The “front side” is composed of the traditional looking runs that you and I are used to plus one bowl near the top. It’s got straight things and twisty things, groomed, groomed a few days ago, and au -natural. It’s got greens, blues, black, double-blacks, trees, bumps, jumps, cliffs, and rocks. Somewhere there’s a NASTAR run for fun. There are lifts and gondolas to to get ya going. I mean it’s got everything you could ask for right? Wrong, it’s got more.

There’s the whole “back side” which consists of four large bowls, or is it five? Heck, it might even be six huge bowls for your skiing pleasure. And you can ski any which way you want in them, over there, over here, down there, up there, around that, over that, through those trees, down those bumps, over that cliff - use your imagination. It’s completely ski-perational to stand at the precipice of one of those bowls and look out past your ski tips at what you can do. Who could ask for more than that? But it’s got MORE than that.

It’s got the whole BLUE-SKY Basin area which is its own little mountain, with a cornice you can jump off of and glades, and steep stuff to scare the pants of you if you want, and some blue stuff if you’d rather ski clothed. I mean it’s a whole ‘nuther section that has a whole ‘nuther pile of runs and crazy stuff to ski off of, over, around, on top of, till your legs feel like little sacks of jelly held up by your ski pants!

Are you getting what I am saying?

Photo by Kevin Rice.
All right, so maybe I am laying it on a little thick but this is some good stuff and you should go sometime. I mean just do it. But first be forewarned. It doesn’t take a rocket scientist to see what is plainly obvious. So you will not be skiing alone. This is a perhaps Vail’s big dark underside - the crowds.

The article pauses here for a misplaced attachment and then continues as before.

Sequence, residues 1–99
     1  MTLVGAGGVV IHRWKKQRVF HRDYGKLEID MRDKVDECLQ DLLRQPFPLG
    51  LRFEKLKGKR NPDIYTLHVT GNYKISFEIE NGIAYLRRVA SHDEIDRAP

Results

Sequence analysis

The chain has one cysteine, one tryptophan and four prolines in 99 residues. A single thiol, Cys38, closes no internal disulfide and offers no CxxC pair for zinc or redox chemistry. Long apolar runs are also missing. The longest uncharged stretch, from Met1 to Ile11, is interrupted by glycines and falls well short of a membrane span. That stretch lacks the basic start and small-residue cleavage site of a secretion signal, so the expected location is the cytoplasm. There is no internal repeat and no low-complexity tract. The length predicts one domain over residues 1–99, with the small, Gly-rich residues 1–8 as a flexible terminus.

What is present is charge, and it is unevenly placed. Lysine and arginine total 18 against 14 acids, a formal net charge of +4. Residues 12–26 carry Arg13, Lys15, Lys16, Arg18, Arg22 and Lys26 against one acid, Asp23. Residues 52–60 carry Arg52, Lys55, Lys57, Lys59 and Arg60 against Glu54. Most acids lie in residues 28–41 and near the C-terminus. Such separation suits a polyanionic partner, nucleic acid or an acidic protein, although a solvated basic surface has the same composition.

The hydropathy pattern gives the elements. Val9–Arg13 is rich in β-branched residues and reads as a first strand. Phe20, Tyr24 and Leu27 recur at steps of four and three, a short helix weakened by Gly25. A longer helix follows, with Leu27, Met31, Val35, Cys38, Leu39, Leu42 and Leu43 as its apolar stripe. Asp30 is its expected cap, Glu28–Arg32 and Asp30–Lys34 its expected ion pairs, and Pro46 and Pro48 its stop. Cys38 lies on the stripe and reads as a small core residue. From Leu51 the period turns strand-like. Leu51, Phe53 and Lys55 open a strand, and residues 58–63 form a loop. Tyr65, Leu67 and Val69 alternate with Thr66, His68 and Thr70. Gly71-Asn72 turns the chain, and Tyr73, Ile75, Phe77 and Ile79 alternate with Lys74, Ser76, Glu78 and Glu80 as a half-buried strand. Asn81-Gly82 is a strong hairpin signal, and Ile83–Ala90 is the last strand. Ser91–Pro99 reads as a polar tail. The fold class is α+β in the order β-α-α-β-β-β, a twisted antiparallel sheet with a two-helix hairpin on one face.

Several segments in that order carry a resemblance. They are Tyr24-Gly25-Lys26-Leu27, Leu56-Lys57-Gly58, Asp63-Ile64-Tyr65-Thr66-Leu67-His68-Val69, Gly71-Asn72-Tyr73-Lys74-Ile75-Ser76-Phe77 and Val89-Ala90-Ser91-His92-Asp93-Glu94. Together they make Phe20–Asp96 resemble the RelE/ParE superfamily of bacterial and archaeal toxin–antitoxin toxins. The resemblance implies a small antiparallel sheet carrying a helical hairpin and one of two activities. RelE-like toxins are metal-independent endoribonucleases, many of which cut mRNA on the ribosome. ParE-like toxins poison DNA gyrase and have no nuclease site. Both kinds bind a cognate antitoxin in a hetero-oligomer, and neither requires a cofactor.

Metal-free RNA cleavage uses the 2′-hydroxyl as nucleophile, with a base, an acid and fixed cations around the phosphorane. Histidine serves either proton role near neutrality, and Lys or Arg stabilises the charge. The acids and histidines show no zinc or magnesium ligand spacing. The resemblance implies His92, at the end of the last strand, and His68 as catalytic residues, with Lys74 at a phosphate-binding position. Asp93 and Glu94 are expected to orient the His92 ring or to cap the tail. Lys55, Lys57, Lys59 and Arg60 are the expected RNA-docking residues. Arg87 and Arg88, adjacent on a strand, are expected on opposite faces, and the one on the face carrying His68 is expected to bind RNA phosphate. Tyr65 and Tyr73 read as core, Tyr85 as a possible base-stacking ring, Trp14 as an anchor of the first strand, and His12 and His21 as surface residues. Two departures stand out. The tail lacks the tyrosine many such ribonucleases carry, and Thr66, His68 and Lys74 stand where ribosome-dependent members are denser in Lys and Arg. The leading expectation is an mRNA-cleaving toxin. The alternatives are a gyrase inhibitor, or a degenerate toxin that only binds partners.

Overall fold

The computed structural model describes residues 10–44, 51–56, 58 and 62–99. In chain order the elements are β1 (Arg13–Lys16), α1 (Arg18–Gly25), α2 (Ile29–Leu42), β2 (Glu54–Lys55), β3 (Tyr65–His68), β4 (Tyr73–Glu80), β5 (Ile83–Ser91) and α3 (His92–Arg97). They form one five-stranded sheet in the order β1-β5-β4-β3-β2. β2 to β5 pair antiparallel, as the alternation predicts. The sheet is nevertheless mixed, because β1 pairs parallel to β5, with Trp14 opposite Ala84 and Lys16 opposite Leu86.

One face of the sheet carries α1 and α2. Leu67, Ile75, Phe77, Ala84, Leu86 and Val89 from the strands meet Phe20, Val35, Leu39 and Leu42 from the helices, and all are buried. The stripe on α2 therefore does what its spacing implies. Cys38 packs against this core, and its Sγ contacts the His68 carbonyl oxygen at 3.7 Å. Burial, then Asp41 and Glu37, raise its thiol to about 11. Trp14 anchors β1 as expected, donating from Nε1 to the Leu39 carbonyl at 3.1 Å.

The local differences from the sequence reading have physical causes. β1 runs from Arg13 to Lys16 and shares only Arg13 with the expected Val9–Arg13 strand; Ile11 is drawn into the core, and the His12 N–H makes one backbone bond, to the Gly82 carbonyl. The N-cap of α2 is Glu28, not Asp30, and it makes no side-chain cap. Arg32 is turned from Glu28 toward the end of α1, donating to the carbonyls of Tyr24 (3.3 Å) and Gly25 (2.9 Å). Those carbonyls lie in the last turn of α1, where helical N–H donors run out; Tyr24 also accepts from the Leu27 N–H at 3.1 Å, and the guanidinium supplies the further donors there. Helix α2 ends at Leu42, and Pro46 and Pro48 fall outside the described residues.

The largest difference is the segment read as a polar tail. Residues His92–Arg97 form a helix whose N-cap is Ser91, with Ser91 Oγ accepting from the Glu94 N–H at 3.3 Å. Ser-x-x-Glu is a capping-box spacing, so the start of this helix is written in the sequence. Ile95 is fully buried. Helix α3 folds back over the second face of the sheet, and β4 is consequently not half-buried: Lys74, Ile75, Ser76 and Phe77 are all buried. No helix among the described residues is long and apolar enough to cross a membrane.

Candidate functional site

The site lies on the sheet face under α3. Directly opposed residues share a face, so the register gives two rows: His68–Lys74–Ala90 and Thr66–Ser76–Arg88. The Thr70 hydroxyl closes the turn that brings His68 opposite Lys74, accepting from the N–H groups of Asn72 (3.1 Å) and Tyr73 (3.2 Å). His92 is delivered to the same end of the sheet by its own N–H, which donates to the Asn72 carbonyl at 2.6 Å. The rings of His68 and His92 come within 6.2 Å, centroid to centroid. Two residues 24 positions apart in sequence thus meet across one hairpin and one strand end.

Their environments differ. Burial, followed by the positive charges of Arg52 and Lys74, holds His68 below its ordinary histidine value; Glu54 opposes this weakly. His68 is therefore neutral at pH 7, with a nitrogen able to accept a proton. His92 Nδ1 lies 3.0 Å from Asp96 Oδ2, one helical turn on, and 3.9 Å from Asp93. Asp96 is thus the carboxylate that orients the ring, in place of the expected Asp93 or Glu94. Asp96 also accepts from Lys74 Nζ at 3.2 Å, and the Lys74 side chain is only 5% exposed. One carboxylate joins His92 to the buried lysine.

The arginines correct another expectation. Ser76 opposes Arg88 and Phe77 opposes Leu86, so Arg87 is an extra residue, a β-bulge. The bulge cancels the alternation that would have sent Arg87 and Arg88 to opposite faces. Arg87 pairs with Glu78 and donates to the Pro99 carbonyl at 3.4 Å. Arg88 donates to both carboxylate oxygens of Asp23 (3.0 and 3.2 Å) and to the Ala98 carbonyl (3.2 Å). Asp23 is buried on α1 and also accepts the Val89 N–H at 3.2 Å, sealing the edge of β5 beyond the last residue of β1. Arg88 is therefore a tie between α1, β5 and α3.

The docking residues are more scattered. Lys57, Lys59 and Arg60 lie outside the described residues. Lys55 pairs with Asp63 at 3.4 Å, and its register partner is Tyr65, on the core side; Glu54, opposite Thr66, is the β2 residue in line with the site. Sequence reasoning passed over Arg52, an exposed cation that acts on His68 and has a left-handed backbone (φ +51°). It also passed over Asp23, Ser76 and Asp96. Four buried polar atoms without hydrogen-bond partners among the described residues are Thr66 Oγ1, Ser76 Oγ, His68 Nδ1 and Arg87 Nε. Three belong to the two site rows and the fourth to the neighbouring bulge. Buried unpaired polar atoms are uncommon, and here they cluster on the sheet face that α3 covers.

I actually stood in about three lift lines totaling one hour! Yep, you read that right. The longest of the three was around 25 minutes of waiting. I was flabbergasted. Now I am not sure that Vail is always that crowded but it was packed on the day we were there. Eating at Two Elk Lodge near the bowls at 1pm bordered on the impossible, and getting back to the front around 3:30pm when things started closing down felt something like rush hour. One of us was run over in the mêlée and received a twisted leg for her troubles. Luckily it turned out to be a mild injury and she was able to ski the next day, but you get the picture. At Vail you could be skiing with 1000 of your best friends. And that’s not why you came out West to ski is it?

But having said that, I don’t think it’s fair to deep-six Vail so readily for this one reason. Besides one data point does not a generalization make. But the locals seemed to confirm that it can get very crowded at Vail and that you have to know how to “work the system.” And while I’m not precisely sure what this means I think I can offer two simple pieces of advice. First, know where you are going and get there bright and early. And second, just skip Two Elk Lodge. It’s packed and expensive. It’s just not worth it. Instead, if possible, bring a picnic lunch on your ski travels and eat outside in the bright sunshine on one of the bowls. Of course that’s going to be problem if its not bright and sunny out. Perhaps then the answer is to try somewhere else for eats at Vail, or eat before 11:30am or after 1:30pm - neither of which may be ideal. Perhaps there are no straightforward answers here; you just have to take your lumps.

I think my last piece of advice is this. Go to Colorado and go skiing. I think that’s pretty straightforward right?

Oh, and why did I end up only skiing one day at Vail? Well, the crowds mainly … bummer.

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Reader Comments

M. Scott Smith
March 12, 2002
Vail is awesome beyond belief - but the crowds can be overwhelming. They are worst on weekends. With some careful planning (or "working the system" as the locals refer to it), you can largely avoid the crowds, even on the busiest days.